In a pair of rulings last month, the U.S. Supreme Court all but gutted New York State’s moratorium on evictions and overturned the CDC ban. Despite the spike in COVID-19 cases across the country and unemployment benefits ending in a few days, the true nightmare for the six conservative justices was one in which the CDC could “mandate free grocery delivery to the homes of the sick or vulnerable” or “require manufacturers to provide free computers to enable people to work from home,” as they wrote in their decision. At the opposite end of the political spectrum, Governor Kathy Hochul pushed for a sweeping moratorium on evictions and foreclosures, passed Wednesday, that will keep New Yorkers in their homes until January 15. “We are not going to allow people who, through no fault of their own, lost income, are not able to pay, and are facing eviction,” she said at a Tuesday press conference. The move is yet another that distances Hochul from her predecessor, who last year dribbled out piecemeal moratorium extensions.
The new anti-eviction law, an updated version of the state’s previous pause on most evictions, was passed by the Legislature in a rare special session Hochul had called. A key change to the law creates a path for landlords to challenge a tenant’s claim to financial hardship in court. A judge can now rule on whether a tenant qualifies, weighing factors such as loss of income or increase in expenses. If the judge sides with the landlord, the eviction case can move forward; otherwise, it is postponed until January. The change specifically addresses the Supreme Court’s objection to New York’s earlier moratorium not having a mechanism for landlords to contest their tenants’ claims. “Basically, we’re giving people their day in court,” State Senator Brian Kavanagh, the chair of the senate’s housing committee, said Wednesday during debate on the bill. And to ensure that tenants being asked to return to court have lawyers, the Legislature also approved a new $25 million legal-services fund for those facing eviction in a separate bill.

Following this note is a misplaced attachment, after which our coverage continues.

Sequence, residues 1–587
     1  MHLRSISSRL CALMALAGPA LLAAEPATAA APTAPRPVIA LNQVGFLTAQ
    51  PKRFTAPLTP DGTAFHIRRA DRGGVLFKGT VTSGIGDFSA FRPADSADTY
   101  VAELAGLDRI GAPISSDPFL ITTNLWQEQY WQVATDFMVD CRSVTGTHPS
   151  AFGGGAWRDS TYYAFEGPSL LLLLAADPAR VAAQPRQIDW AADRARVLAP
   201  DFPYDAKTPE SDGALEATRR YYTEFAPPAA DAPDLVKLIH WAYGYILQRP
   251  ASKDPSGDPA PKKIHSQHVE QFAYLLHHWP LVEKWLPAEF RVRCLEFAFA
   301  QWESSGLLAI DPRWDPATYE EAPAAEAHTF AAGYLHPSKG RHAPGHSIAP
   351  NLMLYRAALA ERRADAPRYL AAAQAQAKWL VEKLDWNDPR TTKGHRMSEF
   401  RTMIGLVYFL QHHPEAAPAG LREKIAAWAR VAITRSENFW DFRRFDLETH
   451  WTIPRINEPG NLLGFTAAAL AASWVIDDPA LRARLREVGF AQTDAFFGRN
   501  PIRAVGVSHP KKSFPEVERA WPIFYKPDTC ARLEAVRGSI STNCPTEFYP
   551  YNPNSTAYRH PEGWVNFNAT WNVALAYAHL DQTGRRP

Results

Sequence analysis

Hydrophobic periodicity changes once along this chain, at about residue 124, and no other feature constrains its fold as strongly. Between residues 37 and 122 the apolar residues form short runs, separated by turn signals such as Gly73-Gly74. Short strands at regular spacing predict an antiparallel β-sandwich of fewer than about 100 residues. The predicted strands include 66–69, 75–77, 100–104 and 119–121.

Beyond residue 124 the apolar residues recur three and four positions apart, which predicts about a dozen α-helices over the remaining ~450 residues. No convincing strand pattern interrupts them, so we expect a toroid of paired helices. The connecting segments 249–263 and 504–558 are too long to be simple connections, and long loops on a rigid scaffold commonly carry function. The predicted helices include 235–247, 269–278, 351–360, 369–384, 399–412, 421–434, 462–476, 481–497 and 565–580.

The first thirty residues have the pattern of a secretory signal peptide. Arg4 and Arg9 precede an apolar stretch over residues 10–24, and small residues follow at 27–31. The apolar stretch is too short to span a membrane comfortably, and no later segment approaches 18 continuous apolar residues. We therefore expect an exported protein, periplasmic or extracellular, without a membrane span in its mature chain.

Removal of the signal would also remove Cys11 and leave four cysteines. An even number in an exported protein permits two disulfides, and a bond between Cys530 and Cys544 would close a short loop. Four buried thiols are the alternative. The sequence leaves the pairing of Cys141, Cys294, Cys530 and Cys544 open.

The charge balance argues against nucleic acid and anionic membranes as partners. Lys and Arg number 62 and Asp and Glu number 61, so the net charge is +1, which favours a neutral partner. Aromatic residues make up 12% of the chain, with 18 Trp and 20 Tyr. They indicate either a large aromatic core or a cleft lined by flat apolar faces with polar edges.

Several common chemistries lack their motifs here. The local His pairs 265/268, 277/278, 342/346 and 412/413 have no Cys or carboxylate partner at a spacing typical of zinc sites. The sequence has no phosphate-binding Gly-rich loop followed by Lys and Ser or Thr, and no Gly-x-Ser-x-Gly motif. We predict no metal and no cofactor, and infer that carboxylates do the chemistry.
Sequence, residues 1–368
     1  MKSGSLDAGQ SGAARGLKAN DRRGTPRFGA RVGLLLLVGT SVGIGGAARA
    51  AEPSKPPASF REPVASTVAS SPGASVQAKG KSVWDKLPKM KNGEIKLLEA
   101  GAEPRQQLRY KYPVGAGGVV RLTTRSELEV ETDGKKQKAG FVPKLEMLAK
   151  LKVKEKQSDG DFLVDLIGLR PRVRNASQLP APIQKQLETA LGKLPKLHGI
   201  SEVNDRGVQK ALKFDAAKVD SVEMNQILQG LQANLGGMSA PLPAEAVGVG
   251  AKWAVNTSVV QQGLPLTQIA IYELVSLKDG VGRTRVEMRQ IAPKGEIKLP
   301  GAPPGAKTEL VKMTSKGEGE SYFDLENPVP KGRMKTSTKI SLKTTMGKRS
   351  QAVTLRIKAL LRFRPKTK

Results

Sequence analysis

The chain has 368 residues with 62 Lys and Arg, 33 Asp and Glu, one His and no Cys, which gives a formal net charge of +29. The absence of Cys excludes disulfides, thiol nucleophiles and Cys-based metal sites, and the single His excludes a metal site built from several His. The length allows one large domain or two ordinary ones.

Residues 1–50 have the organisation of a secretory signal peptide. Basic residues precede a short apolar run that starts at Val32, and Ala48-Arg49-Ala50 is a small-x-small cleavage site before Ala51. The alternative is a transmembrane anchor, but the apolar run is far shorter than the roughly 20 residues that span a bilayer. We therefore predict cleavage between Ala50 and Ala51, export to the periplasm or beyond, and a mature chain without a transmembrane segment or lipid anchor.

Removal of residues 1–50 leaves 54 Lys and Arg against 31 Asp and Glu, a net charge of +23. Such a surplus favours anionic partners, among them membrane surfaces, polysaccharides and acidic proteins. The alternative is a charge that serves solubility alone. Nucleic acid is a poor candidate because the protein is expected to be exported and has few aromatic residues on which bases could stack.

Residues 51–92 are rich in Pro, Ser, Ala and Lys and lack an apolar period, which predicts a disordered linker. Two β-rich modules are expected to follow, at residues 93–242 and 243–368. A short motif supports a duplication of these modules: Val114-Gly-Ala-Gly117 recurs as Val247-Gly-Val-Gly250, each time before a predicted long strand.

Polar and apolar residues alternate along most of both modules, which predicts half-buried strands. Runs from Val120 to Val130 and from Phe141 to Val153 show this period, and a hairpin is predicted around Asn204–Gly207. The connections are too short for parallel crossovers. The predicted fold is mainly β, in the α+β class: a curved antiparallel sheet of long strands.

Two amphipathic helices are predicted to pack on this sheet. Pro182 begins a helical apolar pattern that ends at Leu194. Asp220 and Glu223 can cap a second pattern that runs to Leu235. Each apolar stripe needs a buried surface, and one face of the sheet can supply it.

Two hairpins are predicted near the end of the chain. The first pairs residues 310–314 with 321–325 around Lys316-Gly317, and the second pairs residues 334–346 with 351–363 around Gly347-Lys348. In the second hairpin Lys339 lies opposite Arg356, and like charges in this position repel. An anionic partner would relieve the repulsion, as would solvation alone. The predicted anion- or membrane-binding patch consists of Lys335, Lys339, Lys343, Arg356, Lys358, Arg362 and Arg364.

Crucially, the extended moratorium gives the state another shot at finally distributing the more than $2 billion in rent relief that has mostly been sitting stagnant for months. As of August 23, the program has doled out only $203 million to landlords — just 7 percent of the available funds. The state has approved another $605 million in relief but has yet to push that money out. The new moratorium also allows residents of the seven counties that chose to launch their own versions of rent relief to apply to the state’s if their local program runs out of money. Lawmakers gave the aid a boost on Wednesday by adding another $250,000 for those specific renters. Once Hochul signs the bill into law, the extended moratorium will take effect.
To Hochul’s credit, she made it clear from the start that speeding up rent relief and preventing evictions were a top priority. On her first day in office, she ordered the state to spend an additional $1 million on marketing and outreach to raise awareness of the rent-relief program (just 176,000 households have applied out of the more than 800,000 New York tenants who are behind on rent), and a week later Hochul said she would have state workers take a “SWAT-team approach” of going door-to-door, “like the people who are involved in the Census,” to tell residents about the program.
Cea Weaver, a tenant activist with Housing Justice for All, called the new moratorium a big win for New York renters. “This is the best-case scenario for tenants. It’s going to save people from losing their homes. It’s going to protect people’s health from the Delta variant,” she said. But the urgency with which the Legislature acted left little time for lawmakers to closely review the new legislation. “I’m really concerned about the lack of transparency, the ability to really delve into this bill and understand the details,” said State Senator Pamela Helming, who represents upstate counties including Cayuga, Monroe, and Ontario. She received a draft of the legislation only on Wednesday morning. Meanwhile, landlord groups are ready to challenge the new state moratorium and are especially emboldened following their two Supreme Court victories. Joseph Strasburg, the president of the Rent Stabilization Association, which was among the groups that won the recent Court ruling against the eviction moratorium, and a cadre of landlords already plan to strike back. “Make no mistake, we will challenge any attempt by lawmakers to legislate an eviction moratorium,” Strasburg said.